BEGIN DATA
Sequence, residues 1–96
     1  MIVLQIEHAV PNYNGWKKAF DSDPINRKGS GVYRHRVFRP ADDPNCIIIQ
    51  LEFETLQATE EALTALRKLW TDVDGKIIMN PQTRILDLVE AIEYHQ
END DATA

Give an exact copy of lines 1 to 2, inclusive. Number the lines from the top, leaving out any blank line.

Sequence, residues 1–96
     1  MIVLQIEHAV PNYNGWKKAF DSDPINRKGS GVYRHRVFRP ADDPNCIIIQ